You hang out with some folks, some great friends. Maybe several of them that you feel are as close as family. You do almost everything together, from little things like after work drinks to big ol’ events such as birthdays and holiday functions and even karate lessons. It’s like a whole family of people you actually like not just because you share a parent or two (full disclosure: I actually really like my family), but because you’ve met each other, gotten to know each other, and just enjoy each other as people. It’s this magical, wonderful thing, and you don’t think it could be any better.
But what about the possible existence of awesome people in some other part of the country or a foreign land that would be just as friendly — or maybe even friendlier — friends? You don’t even know who they are, but there might be some folks, maybe one in Montana, one in Guam, someone in Australia, even — whatever, you are all separated by great distances, but if you were able to meet either in certain combos or all together, you would form the greatest group of friends in history. It’s possible, right? Who knows?
Since you’ll never meet them, though, and don’t know they even exist, you asume you already have the best group of friends for your particular friend-needs ever right in whatever area in which you currently live.
Is life all about location and the logical advantages that go along with that? I’m not saying we should look at our friends and wonder if there are more compatible ones in Wales or Madagascar — that way madness lies. It’s something to ponder and blog about a little bit, though. Or maybe not. I dunno.
The same might go for your potential significant other. You meet one lady or fella or ladyfella, and you get them butterflies in your stomach or thereabouts, and it becomes true love. Soulmate stuff. But is that because you just will never meet someone in Japan that is actually way better for you in some cosmic sense we humans are ill-equipped to understand?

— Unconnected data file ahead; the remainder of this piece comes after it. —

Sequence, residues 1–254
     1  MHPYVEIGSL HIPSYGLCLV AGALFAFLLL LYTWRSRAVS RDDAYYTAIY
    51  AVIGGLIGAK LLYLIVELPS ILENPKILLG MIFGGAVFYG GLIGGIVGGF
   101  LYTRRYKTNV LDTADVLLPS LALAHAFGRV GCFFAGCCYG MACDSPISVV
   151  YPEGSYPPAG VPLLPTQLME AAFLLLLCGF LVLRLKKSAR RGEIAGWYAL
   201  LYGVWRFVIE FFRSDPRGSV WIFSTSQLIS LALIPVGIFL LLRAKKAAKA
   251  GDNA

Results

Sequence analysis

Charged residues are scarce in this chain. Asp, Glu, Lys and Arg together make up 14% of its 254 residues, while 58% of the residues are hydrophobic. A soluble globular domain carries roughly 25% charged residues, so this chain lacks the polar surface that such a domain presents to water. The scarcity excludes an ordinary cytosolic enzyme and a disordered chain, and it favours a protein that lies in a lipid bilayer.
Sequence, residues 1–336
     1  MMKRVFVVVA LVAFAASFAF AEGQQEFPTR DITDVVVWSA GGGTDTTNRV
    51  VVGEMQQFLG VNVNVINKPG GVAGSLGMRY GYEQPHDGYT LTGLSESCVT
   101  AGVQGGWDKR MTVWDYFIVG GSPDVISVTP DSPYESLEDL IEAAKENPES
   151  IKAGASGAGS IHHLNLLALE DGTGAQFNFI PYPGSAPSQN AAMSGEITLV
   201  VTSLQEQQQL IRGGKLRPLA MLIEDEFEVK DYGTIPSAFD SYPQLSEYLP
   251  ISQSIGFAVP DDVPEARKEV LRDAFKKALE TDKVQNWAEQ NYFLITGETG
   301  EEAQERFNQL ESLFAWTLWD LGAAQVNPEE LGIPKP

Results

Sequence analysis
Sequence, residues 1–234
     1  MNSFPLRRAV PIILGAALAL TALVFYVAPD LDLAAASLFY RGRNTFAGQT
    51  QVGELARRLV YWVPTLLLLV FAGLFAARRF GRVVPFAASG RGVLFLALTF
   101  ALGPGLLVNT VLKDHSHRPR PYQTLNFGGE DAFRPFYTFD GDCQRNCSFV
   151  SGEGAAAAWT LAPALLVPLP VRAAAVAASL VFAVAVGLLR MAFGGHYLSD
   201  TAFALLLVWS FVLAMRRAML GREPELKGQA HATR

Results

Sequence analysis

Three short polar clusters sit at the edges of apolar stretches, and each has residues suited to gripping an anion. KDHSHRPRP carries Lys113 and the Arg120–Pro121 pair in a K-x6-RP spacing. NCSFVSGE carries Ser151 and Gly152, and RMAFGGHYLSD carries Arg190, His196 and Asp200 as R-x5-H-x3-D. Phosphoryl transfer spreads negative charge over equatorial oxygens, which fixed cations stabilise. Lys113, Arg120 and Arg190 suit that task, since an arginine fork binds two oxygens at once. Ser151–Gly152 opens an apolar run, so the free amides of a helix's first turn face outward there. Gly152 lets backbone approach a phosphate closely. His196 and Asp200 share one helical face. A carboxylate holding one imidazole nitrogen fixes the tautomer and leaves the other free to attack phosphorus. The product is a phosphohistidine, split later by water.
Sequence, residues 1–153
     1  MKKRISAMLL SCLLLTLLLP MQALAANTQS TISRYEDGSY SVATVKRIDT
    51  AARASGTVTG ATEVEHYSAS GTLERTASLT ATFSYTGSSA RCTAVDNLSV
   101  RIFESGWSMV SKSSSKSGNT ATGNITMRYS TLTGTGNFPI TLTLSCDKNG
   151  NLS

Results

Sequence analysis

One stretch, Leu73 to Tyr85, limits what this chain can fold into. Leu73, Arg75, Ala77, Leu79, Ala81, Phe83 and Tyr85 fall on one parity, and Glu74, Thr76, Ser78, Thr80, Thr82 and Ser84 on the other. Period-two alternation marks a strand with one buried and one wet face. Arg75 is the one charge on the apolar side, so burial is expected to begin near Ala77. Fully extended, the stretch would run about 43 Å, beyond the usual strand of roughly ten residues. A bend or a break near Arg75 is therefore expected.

Again, we can’t constantly wonder that, because then we’ll just be uncommitted and alone and push people away while always looking for something else just in case. (Unless that’s how you want to roll for some aloof loner-type coolness factor.) This kind of leads to long distance relationships, a concept that, honestly, is inconvenient bordering on stupid. Out off all the people in the land you live, you can’t find one that you love and also loves you back? You meet someone from thousands of miles away, and that person is just better for you than the millions of folks that live in your city? Seriously? Is it worth the ridiculousness of being with someone you’re rarely actually with?
If not, then what? Meet someone whose location is more convenient for you, knowing s/he isn’t the one you want to be with, but dang it, plane tickets are expensive? So darn practical. Or should one just be alone and keep them fingers crossed that the right one will end up living in your zip code? Is lovey dovey time supposed to be that logical? Of course, never seeing the person you love sounds so frustrating.
These ruminations, appropriate for an emo teen of average intelligence but not for a 33-year-old-man, have been on my mind lately. Some of my best friends are on the other side of the country; my girlfriend is almost three thousand miles away.
I have terrific friends here where I currently live, too, but what about the folks in Ohio? In Atlanta? New York? And the folks I am not even aware exist because I haven’t met them yet? What would logic dictate? That I move to be near the ladyfriend or back to my lifelong friends? But what about my close friends that are kind enough to live in the proper location?
I don’t know. Were answers expected after all my bloggy woggy babbling?
All I know is that despite how much smaller the world feels due to advances in communication technology, sometimes it’s still frustratingly huge. Affordable jet packs would help.